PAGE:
Student Mental Health on Campus - A Personal Perspective

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Antonio Brieva
2017-2018 Feds President
Mon, 10/23/2017 - 10:30

By: Antonio Brieva, Feds President

Concerns around mental health in the post-secondary sector are more salient than ever. As a result, a significant amount of my time as President of Federation of Students (Feds) is dedicated to advocating for improved mental health awareness and services on campus and in the broader community.

Antonio Brieva

Mental health on campus is an issue that strikes a personal chord. I don’t often talk about my own struggles with mental health, but as I write this blog, I realize how important it is for me to share my stories of struggle as I occupy the office of President of the Federation of Students.

Often times, those in positions of leadership steer away from sharing their own personal failures and struggles in fear that it’d be viewed as a weakness. As a result, often we reproduce a flawless image and characterization of a leader. I don’t want to fall into the trap of creating a space that those with different lived experiences, failures, and personal struggles can’t occupy.

During my five year undergrad journey, I encountered a variety of challenges and concerns around my mental health. I struggled with coming to terms with my sexuality; I struggled coming out to friends and family; I struggled with food restriction and obsessive exercise; and I struggled acknowledging my struggles with mental health, asking for help, and accessing mental health services.

As it is for many students in our community, I was forced to face my struggles head on after these strange, discoloured spots started appearing on my hand. I thought it was a skin rash from running out in the cold. However, after getting it checked out by a doctor who ran a series of tests on me, I found out I had a severe protein deficiency — which explained my struggle to function on a day-to-day basis the months prior.

The doctor continued and said I ran the risk of liver failure in the next six months if I don’t address the mental health concerns behind the behaviour causing these physical health concerns. It took this grim reality check to finally acknowledge the problem and accept the help I needed.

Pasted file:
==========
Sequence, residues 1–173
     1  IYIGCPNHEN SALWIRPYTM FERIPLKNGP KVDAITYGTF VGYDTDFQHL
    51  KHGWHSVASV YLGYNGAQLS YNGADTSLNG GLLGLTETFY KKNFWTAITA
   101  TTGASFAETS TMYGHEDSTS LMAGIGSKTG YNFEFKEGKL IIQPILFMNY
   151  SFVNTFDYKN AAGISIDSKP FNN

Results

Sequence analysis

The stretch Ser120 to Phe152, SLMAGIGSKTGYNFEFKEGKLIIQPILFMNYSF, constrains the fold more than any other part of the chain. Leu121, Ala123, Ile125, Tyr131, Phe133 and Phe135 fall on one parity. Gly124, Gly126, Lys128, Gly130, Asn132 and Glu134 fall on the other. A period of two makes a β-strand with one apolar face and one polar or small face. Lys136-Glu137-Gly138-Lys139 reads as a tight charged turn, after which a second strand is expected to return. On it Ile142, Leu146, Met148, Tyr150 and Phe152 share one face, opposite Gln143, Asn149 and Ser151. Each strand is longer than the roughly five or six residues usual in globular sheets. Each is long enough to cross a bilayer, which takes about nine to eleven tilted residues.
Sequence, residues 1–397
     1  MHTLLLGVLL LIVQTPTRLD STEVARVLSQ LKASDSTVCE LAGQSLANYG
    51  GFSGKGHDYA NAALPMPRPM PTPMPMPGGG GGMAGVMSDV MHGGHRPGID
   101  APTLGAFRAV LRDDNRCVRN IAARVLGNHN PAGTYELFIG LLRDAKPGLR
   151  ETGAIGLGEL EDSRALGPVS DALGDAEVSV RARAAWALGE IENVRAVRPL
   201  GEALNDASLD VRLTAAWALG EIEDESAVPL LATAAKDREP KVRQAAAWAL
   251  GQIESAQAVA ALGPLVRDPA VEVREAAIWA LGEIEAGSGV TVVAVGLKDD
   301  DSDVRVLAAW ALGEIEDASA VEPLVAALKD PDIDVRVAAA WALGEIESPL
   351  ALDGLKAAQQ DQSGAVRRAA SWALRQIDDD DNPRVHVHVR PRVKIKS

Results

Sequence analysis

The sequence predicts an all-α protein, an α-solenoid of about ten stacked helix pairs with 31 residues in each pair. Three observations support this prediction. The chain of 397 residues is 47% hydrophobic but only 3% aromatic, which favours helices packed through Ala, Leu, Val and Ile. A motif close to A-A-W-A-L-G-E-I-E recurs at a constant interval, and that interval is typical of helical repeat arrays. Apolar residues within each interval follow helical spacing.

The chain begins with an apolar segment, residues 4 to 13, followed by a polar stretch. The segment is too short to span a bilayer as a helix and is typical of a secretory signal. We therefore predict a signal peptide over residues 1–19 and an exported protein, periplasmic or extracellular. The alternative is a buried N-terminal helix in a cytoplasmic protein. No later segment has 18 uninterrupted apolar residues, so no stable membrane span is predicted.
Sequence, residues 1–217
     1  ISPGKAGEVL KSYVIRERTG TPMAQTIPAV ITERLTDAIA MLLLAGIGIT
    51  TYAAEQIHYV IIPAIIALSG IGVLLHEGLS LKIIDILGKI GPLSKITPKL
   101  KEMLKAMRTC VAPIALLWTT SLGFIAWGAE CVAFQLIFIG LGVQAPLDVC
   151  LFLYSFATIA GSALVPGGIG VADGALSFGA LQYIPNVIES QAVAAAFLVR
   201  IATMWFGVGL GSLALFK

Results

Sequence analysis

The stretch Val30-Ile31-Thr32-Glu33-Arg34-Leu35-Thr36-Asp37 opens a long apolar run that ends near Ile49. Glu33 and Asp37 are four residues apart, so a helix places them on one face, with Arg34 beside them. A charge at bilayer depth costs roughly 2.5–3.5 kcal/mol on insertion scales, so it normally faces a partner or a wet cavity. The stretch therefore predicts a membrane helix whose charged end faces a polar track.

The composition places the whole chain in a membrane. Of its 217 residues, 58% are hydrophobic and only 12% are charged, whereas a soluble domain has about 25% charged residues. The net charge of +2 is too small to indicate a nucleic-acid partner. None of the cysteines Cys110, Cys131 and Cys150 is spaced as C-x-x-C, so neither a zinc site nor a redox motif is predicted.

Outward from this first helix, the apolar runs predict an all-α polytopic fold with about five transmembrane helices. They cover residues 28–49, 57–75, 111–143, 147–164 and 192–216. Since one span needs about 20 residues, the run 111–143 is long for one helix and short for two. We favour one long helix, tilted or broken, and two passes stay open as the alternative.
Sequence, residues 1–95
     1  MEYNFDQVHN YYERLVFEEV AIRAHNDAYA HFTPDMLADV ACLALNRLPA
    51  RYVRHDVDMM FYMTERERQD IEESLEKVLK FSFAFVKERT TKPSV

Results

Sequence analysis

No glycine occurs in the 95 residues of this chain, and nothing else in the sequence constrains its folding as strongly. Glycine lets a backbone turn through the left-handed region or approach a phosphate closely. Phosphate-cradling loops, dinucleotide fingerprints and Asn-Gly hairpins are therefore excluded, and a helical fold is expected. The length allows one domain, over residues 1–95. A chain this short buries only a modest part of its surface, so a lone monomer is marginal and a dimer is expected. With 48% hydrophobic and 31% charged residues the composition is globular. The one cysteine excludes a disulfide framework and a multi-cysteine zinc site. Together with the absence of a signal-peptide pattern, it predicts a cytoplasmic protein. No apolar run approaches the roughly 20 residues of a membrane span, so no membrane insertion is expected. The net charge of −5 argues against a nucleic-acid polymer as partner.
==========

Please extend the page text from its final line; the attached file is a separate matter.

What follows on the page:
Why am I telling you all this? Well, this week on October 24, following the Feds’ Annual General Meeting, we will be hosting a Q&A panel on student mental health. The Q&A panel was organized to offer students and other members of the community a chance to learn more and ask questions on what the University of Waterloo is doing to address concerns around student mental health on campus — specifically, the work of the President’s Advisory Committee on Student Mental Health (PAC-SMH).

This year, my work on campus mental health is concentrated around PAC-SMH as one of the two undergraduate representatives on the committee. The committee was struck together earlier this year in the aftermath of losing two of our students to suicide. PAC-SMH started its work early in the spring term. Since May, the committee recruited members of the University of Waterloo community to compose five panels, each with its own mandate, that report to the PAC-SMH: mental health experts panel; student services panel; the community partners panel; the academic panel; and the student experience panel.

The panels have been meeting and conducting their work on a regular basis since the end of July, and as a committee member, I serve as the liaison to the student experience panel and the lead of the panel’s research working group.  The committee’s ultimate goal is to have a comprehensive report prepared and on the President’s desk by January 2018.

The student experience is at the heart of the work we’re doing. It’s why I’m adamant in encouraging you all to come out to the Q&A panel and participate. Watch the livestream; ask questions online using the hashtags #FedsAGM2017 and #uwmentalhealth; come find out some of the early progress/findings from the panels reporting to PAC-SMH; and share your stories of dealing with mental health (if you’re ready to) from the perspective of a student at the University of Waterloo.

As a campus community, we need to have tough conversations on student mental health to identify and recommend ways to remove barriers students may face in accessing mental health services on campus and in the community, and ensure the recommendations from the PAC-SMH will be effective and long-lasting.